Despite war in Iraq, military recruitment is ‘business as usual’

Warm weather often leads to a marked increase in potential military recruits.

Geoffrey Ziezulewicz

The Dinkydome Army recruiting office is a cozy little room nestled on the third floor overlooking the bustle on 15th Avenue Southeast.

But the large number of people walking past the building is a stark contrast to the number walking into Sgt. Raymond Wilson’s office.

Wilson said there has not been an increase in enlistment, even with the large number of U.S. troops now in Iraq.

“With the level of walk-ins and call-ins, it is pretty much the same,” Wilson said.

Local representatives from all branches of the armed services said there has been no change in the number of interested people coming through their doors since the onset of the war in Iraq.

However, after Sept. 11, 2001, enrollment numbers increased significantly, Marines Public Affairs Officer Staff Sgt. JJ Rodriquez said. He said his office has not seen a dramatic increase in recruits.

Wilson said he fields inquiries from approximately 20 interested people coming in or calling per month. He also goes with other recruiters to high schools and colleges looking for interested individuals. Since the onset of the war, nothing has changed.

“Right now, it’s just business as usual,” Wilson said.

Mary Lou Eckstrand is the public affairs officer for Army recruiting in Minnesota, North Dakota and South Dakota. She said so far, for the 2003 fiscal year, there has been no change in recruitment numbers for either active or reserve service members, which reflects static national recruitment levels.

Each year, the recruiters get a target number of people for enlistment. Eckstrand said the recruiters are on track to fulfilling their mission quota. She said firm evidence of whether the war in Iraq has affected recruitment is not yet available.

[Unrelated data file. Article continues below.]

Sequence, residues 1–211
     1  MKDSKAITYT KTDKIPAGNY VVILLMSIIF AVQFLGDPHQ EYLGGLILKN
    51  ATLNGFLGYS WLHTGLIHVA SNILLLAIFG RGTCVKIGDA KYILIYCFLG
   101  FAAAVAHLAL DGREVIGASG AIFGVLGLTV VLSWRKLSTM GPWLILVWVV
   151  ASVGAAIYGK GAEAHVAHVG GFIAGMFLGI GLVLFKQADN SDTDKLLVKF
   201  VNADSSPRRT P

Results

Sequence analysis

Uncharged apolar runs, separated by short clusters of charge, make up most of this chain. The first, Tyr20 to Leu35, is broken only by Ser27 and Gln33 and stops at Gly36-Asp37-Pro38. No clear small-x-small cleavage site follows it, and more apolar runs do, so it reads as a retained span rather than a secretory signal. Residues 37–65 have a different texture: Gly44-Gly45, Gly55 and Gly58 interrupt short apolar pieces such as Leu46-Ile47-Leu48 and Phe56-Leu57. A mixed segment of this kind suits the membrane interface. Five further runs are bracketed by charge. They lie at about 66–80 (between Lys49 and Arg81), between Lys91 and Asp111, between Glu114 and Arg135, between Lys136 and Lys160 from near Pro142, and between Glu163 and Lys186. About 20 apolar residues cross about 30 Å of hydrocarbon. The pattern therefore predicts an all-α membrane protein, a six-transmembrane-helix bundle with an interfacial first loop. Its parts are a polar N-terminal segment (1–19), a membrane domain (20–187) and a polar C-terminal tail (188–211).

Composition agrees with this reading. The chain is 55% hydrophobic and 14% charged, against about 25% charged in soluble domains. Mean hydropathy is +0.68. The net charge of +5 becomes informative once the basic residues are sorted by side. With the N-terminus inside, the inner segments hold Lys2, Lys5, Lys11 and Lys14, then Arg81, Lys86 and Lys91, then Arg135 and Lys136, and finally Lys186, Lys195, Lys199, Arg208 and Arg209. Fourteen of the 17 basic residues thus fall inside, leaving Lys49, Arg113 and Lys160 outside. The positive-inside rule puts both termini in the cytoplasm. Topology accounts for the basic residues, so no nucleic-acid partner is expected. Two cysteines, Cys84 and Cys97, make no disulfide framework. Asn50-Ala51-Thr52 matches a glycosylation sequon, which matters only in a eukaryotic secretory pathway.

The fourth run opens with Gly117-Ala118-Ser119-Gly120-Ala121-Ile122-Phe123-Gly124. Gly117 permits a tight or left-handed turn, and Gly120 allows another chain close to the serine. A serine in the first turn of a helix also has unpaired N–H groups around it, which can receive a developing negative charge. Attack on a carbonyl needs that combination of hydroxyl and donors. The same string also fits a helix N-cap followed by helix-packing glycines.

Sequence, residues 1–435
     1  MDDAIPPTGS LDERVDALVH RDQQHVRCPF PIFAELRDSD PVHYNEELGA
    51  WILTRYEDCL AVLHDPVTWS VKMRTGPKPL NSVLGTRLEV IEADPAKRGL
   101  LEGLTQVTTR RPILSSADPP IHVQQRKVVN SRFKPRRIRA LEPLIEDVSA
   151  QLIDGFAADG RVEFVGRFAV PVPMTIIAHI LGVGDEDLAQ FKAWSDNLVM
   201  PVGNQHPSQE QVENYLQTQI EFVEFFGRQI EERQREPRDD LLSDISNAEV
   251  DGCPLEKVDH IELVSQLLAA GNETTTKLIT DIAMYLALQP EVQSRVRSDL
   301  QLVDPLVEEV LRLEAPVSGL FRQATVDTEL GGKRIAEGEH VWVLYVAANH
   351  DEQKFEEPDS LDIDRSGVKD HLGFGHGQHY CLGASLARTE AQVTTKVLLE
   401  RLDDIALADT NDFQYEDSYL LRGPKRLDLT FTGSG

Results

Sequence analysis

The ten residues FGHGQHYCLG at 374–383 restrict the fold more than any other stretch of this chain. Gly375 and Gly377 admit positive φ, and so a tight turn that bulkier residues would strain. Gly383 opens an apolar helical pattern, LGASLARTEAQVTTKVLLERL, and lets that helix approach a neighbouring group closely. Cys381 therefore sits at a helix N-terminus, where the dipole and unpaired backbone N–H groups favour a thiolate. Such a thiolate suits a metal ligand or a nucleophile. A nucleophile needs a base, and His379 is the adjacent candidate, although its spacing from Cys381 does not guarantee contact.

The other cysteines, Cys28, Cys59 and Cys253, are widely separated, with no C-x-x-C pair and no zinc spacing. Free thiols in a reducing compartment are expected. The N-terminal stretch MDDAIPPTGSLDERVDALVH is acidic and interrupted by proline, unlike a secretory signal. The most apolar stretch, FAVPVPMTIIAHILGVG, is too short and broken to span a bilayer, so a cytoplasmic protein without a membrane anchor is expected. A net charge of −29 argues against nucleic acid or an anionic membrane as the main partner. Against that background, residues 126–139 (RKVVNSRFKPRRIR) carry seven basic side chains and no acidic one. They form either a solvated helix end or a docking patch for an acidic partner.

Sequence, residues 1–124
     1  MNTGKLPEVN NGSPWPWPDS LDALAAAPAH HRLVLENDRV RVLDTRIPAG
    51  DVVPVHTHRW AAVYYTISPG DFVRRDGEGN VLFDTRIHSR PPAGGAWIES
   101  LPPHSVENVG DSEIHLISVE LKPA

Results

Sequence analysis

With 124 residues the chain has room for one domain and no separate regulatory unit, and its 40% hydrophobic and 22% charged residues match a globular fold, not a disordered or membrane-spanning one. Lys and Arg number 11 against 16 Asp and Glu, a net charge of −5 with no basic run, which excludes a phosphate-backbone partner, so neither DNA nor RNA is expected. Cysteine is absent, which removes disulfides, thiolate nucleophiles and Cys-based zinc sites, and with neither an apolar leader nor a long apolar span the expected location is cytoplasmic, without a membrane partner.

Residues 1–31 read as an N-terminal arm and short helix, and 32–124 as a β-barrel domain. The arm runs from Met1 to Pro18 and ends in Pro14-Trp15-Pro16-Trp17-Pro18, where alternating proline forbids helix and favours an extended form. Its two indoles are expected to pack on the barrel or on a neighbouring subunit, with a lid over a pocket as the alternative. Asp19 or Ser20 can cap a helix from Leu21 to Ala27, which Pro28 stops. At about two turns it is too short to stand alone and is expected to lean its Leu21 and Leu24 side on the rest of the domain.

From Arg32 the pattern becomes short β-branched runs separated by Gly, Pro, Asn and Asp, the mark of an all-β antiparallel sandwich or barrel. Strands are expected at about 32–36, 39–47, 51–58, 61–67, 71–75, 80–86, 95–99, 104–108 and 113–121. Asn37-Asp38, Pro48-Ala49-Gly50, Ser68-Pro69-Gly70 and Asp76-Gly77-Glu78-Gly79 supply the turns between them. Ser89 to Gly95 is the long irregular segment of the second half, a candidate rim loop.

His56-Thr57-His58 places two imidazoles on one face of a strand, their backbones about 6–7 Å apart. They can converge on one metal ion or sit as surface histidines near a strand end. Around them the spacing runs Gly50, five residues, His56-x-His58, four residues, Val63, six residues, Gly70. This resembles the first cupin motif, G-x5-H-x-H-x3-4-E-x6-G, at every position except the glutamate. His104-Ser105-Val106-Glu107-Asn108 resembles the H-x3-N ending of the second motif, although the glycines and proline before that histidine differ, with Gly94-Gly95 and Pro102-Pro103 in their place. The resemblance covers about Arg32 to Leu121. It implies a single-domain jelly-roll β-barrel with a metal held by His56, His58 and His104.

“It’s too early to tell,” Eckstrand said. “It will take us a month to go through all the required background checks and things such as physicals.”

New applicants have to fill out an application and pass the Armed Services Vocational Aptitude Battery Test, which consists of standard questions in a variety of areas, such as math and reading ability, Wilson said.

“Basically, this test determines if an individual is qualified to join the Army and which areas they may be best for,” Wilson said. Recruits also undergo physical examinations and background checks.

Potential recruits usually come in because of the opportunity to travel, the financial incentives, the service to country, the educational possibilities and the adventure of the armed services, Wilson said.

He usually sees an increase as the weather warms up around campus.

“Usually during the summertime there is a larger increase of enrollment,” Wilson said. “Towards the end of the school year, there are a lot of high school students who aren’t going to college, or college students who are going to graduate and don’t have any plans and no job, so they look to the Army.”

Wilson said he has noticed no adverse effects on recruiting from any of the on-campus antiwar demonstrators.

“We get notified when there are protesters on campus,” he said. “We tend not to walk around the campus at that time.”